At home in 2010, I stumbled onto a television show about children on the Autism spectrum. As the experts discussed the challenges facing Autistic children, I thought, Man, that sounds like my Wyatt.
At the time, Wyatt, now 18, was in the fourth grade and undiagnosed. For the previous two years, he had seen a therapist for behavioral issues, such as tantrums and not listening to teachers.
I told the therapist about the show I had watched on Autism spectrum. He suggested sending Wyatt to a friend of his in Tyler for testing.
A psychiatrist, who had an autistic son, was first to test Wyatt. He detected numerous signs and symptoms related to the Autism spectrum.
I wasn't distressed: I was relieved. A light turned on. I no longer was groping in the dark.
I remember driving back to Grapeland from Tyler, after receiving Wyatt's diagnosis. For the first time, I had a sense of direction about my son: I knew I would have answers that would help me help him be the best he could be.
My relief, however, quickly morphed into frustration. No one in our school district, or community, really understood Asperger’s, a high functioning form of autism.
On the outside, Wyatt looked like he had everything going for him. He was a good-looking, intelligent, compassionate boy with a sense of humor.
People thought he was prone to meltdowns and tantrums because I had spoiled him. They figured his crying, head banging, and ticks were cries for attention.
They didn’t understand he experienced sensory overload, sometimes having full-on anxiety attacks. He would often cry from emotional overload. Kids made fun of him. Some teachers made odd statements in class, such as, “Everyone, let’s clap for Wyatt today because he didn’t have a meltdown.”
There were lots of hard days for both of us.
From the time Wyatt was born, I felt the frustrations of trying to understand him.
My grandmother ran a daycare, so I was around many children while growing up. I knew, quickly, my son wasn’t like them.
He looked perfect: 10 fingers, 10 toes, perfectly round head. He was a handsome baby, but he was different.
Unlike most babies, he didn’t want to be swaddled, but he didn’t want to flail freely either. He didn't seem to know what he wanted.
He never wanted to be left alone. Someone always had to be within eyesight of him. Otherwise, he would panic and scream uncontrollably, until someone re-entered his world.
He didn’t like bright lights or loud sounds.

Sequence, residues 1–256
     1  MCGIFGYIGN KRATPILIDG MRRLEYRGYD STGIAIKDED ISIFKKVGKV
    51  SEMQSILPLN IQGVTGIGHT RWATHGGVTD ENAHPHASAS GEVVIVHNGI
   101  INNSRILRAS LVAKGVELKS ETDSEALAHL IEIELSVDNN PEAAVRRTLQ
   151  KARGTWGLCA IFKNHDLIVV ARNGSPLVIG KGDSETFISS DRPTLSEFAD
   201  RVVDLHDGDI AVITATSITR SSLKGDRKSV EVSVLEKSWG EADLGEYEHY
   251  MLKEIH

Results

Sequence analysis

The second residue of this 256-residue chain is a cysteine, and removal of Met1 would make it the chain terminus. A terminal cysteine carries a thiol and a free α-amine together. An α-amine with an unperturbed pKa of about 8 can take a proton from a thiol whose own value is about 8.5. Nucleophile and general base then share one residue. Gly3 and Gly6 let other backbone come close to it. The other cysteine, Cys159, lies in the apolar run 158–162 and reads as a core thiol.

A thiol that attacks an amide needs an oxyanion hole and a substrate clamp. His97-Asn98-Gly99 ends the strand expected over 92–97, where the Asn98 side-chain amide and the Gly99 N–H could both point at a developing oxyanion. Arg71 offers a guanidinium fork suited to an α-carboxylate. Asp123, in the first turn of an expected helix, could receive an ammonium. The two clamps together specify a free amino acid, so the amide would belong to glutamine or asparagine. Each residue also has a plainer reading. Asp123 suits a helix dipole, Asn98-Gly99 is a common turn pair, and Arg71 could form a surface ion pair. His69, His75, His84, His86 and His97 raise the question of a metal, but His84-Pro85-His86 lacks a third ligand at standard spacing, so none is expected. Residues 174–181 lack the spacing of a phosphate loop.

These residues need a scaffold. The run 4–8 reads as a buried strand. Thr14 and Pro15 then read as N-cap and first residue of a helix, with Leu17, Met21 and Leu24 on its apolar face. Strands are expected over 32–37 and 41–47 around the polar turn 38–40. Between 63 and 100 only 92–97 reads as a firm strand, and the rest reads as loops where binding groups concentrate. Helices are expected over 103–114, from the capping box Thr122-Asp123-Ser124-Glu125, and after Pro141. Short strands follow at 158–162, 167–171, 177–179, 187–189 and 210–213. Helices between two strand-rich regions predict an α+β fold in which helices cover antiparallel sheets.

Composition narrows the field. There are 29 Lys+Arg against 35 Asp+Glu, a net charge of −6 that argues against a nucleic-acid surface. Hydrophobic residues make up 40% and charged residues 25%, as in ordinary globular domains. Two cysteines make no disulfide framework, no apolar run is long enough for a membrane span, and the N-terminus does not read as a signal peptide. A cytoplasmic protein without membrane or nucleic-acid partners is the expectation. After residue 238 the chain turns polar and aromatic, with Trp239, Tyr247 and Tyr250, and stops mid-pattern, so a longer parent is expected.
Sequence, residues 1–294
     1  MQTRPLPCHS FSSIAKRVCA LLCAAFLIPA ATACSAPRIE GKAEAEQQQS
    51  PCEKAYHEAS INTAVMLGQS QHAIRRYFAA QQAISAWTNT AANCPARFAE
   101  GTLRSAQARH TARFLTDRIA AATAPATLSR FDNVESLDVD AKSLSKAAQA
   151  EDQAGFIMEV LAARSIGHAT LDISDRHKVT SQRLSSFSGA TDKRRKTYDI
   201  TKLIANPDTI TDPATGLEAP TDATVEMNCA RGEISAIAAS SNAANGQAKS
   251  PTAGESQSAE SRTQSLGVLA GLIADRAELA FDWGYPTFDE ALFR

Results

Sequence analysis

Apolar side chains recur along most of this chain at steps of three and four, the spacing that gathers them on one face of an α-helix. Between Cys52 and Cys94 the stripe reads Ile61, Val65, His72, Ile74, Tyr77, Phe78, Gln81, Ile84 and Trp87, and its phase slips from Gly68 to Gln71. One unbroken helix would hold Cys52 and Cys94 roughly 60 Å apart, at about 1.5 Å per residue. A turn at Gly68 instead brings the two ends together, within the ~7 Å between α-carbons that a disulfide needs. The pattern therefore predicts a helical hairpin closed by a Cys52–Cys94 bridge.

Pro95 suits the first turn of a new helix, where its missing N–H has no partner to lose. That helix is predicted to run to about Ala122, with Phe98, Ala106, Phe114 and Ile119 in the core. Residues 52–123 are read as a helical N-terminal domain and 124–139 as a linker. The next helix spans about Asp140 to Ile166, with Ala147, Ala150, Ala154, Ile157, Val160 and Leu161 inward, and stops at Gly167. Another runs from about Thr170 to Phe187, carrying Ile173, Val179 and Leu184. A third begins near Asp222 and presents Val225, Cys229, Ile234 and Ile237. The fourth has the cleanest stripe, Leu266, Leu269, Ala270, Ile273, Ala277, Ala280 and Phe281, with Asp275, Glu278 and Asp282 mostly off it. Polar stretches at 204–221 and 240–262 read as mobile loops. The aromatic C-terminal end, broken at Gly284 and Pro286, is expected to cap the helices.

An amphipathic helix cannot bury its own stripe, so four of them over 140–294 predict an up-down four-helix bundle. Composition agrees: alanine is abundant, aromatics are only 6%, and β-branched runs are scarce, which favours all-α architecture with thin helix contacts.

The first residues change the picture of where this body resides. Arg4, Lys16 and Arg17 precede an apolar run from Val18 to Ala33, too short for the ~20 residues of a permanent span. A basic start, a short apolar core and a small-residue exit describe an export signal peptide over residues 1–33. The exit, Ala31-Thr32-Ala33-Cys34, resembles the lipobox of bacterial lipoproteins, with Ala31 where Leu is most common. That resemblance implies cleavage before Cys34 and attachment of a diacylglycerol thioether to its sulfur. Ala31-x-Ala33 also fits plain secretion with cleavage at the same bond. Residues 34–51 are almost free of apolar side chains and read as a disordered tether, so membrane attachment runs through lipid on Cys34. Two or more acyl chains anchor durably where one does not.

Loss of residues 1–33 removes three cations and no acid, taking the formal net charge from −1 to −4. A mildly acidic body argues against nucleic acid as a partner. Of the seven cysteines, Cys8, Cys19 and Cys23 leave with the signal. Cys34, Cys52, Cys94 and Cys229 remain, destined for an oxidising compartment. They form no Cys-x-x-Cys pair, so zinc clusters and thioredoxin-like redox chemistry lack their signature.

Wyatt pointed more than he talked, but I didn’t worry. He walked at eight months; developmentally, he seemed to hit all the checkpoints.
Wyatt was prone to long periods of crying and screaming – without an obvious reason. Sometimes, he would throw himself on the ground.
Some days, he would scream so long and loud that I would just scream back. Then he would often take a big breath, sigh, and want to be held.
He's just spoiled, I thought.
As he got older, however, I noticed he didn’t improvise play activities like other children. He liked extreme schedules: The more mundane a routine, the better. He would watch the same movies, in the same order, day after day after day.
New activities or schedules could stress him. For changes to go smoothly, we would need to discuss them in advance, in detail, to avoid anxiety or bad moods.
Eating also was complicated. He wouldn’t eat anything white or mushy.
Even at an early age, however, he could consume large amounts of information. At 5, he knew more about dinosaurs than did most museum curators.
He would answer rhetorical questions and struggled to understand cartoons. “Why is this funny?” he would ask.
He wanted to re-read books over and over and over. I finally came up with a plan: For every three new books he read, he could re-read any one he wanted.
He never liked large crowds and would often want to hide under the table at restaurants so people he didn’t know would look at him.
He also had lots of ticks. I wrote them off as bad habits: tapping his feet and making weird throat noises and eye movements. I would stay on him, until some of them stopped. Others, like foot and hand tapping, he does to this day.
I also noticed he didn’t really interact with other children, or act or process information like other children his age. He was prone to meltdowns, especially when things didn’t go the way he thought they should.
After he was diagnosed, I never permitted my son to use autism as an excuse. “The world will not meet you where you are,” he said. “You will have to work harder to meet the world.”
For us, it didn’t matter what others believed. We knew. And we are better for the knowing.
My son’s autism is minimal compared to some. He's brilliant in many areas but struggles with math and writing. He’s also socially awkward.
We couldn’t get help from the Grapeland school district, but a lack of funding for special education programs is a statewide problem. Our school district failed to recognize Wyatt’s diagnosis, even though we had paperwork, and three positive diagnosis from psychiatrists.
Assisted by Wyatt's father's health insurance, we sought help, privately, from a therapist, therapy coaches, and psychiatrists. We never gave up. We made our diagnosis a road map.
In 2018, Wyatt graduated from Grapeland High School. Elementary school to high school graduation was a long road, but it passed quickly.
My son plays flute and attends Trinity Valley Community College in Athens on a music scholarship. Wyatt lives in Grapeland with me.
We still have our struggles, but he’s doing very well. He plans to become a virologist, a field of bio-chemistry.
Parents must always remember they know their child best. If you think something is wrong, seek direction.
Don’t stop until you have answers. Advocate for your child. Learn all you can about your child’s diagnosis. Follow your map to a better future.